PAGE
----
Oct
12
2010
22

Well. That Told Me.

I’ve always been in the Facebook-is-social-fun-only camp. I know people use it to effectively market, but most of the time, I see people using it ineffectively to market. (At which point they’re quickly blocked.)

But apparently Facebook is way more than I was giving it credit for. This video, produced by RC Productions (Melanie’s company! She proofed it. *grins*), told me:

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Written by Natasha Fondren in: Pop Culture,Writing Biz | Tags:
Sep
27
2010
41

It Costs Nothing

A friend I know and like tends to see every other business in her field as the enemy. If you even mention another business’s name, she’ll get livid; she’ll tell you that you cannot even mention their name in her presence.

This perplexes me on so many levels.

I was first a musician. As a musician, it is your civic duty to get friends gigs and pass their names along. Colleagues are not your enemies: they’re an inter-dependent network. The better you’re doing, the more gigs you have to turn down, the more gigs you find your friends, the more they turn down, the more they give you, and the better everyone does.

The same went with teaching. When you have to turn a student away, you send them to your colleagues. In fact, I used to give every student a list of three of my colleagues right off the bat, so they could compare and choose rather than blindly commit to the first teacher they found.

In the book world, it’s the same way. Friends recommend friends’ books because it’s not a zero-sum game: one person’s gain is not another person’s loss. A reader will buy books from more than one author or magazine or publisher.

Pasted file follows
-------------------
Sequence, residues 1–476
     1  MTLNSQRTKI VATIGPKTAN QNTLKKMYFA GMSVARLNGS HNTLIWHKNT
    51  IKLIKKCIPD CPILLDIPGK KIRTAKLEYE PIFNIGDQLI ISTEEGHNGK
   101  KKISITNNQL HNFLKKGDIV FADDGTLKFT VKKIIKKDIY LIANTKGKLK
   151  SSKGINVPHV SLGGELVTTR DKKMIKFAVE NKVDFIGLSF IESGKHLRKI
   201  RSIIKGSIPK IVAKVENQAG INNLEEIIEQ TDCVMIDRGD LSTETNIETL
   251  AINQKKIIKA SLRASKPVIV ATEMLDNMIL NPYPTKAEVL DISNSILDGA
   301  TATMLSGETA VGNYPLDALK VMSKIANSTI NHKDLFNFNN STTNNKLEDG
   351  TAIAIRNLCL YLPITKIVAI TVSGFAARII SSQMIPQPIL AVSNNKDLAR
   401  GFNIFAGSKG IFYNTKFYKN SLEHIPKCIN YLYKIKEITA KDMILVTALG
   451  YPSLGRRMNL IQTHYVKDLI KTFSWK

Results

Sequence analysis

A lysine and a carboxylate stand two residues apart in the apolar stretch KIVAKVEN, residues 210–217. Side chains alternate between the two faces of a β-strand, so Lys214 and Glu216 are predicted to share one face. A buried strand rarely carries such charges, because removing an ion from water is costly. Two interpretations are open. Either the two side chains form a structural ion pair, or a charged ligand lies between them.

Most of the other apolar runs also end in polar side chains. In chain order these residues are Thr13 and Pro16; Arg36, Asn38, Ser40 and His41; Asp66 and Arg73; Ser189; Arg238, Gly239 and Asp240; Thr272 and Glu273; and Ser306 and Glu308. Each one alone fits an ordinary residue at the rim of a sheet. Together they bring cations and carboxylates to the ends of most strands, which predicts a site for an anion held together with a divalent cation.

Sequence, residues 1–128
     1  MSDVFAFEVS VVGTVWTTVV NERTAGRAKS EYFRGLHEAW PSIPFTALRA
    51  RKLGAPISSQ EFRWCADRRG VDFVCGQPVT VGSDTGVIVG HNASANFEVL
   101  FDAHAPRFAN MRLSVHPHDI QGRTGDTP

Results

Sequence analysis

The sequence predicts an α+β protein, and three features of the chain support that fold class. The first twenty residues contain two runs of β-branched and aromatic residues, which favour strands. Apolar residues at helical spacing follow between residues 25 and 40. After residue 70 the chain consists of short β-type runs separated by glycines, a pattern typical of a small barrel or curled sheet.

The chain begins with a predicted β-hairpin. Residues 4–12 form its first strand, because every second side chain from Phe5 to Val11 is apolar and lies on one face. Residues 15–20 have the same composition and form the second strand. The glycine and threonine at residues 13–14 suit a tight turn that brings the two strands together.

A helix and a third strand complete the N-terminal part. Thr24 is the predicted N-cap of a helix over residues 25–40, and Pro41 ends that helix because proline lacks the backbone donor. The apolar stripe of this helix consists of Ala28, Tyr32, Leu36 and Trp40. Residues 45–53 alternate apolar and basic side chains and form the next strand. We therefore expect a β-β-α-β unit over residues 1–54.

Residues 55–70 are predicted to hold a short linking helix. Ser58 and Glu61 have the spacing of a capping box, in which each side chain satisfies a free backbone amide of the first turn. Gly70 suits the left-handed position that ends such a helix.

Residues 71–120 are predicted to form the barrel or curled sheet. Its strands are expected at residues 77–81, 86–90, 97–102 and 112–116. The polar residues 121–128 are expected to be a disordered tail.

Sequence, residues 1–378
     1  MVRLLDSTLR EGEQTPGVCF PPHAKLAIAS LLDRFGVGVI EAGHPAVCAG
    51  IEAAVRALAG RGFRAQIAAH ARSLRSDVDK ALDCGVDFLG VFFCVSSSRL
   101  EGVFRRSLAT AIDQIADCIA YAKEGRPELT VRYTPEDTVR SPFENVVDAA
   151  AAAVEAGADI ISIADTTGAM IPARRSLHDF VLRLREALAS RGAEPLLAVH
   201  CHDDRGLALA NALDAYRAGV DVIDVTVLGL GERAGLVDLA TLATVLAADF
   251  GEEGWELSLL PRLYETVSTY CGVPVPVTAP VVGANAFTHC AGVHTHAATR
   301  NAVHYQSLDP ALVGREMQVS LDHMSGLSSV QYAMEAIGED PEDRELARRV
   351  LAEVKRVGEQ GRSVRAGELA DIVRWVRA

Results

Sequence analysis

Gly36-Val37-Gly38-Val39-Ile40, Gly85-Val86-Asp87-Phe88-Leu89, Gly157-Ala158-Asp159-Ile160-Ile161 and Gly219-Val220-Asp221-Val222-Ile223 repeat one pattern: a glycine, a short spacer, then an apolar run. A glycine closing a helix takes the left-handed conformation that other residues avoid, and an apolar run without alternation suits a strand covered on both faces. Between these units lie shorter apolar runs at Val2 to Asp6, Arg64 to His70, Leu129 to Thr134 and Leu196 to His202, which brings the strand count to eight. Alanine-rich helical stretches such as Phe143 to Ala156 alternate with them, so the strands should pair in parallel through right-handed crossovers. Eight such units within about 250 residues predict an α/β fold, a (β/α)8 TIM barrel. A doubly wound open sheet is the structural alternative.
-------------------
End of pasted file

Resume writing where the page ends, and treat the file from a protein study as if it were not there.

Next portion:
A candle loses nothing by lighting another candle.

I just discovered that quote two days ago, and I love it. It’s one to live by. Besides, when one candle lights another and two wicks join, the flame burns larger and brighter.

Don’t you love the writing community?

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Written by Natasha Fondren in: Writing Biz |
Sep
19
2010
41

It’s Not Yours Anymore

When you publish a piece of writing, whether it be a novel or story or blog post, it goes off into the world and lives its own little life. Sometimes you watch with a sort of pride, like you would a student, and sometimes you want to remove your name from the cover.

Art is in the eye of the beholder. Once your writing goes out there, it becomes what your readers make of it.

And readers bring a lot to the table.

And sometimes I’m uncomfortable with how they change it.

As you know, I consider myself of the “kitchen sink compassionate” religion, to quote my Facebook profile. Mostly Wiccan with a little bit of most everything else thrown in. I really have respect for all religions, though I do get a little put off when people force theirs on me.

When Pseudie wrote a series set in a religious community, I treated the Christian element with respect and understanding, of course. But for me, it was simply setting, simply world-building, simply craft.

Not so for my readers.

I appear to have a number of readers who are the conservative Christian right. And this appears to be Pseudie’s best-selling series by FAR. That they may be drawing religious messages out of my stories totally freaks me out.

Not to mention that we’re talking about me, a bleeding heart liberal who’s mostly Wiccan, and my writing apparently resonates most with the conservative Christian right.

This is funny, right? Ironic?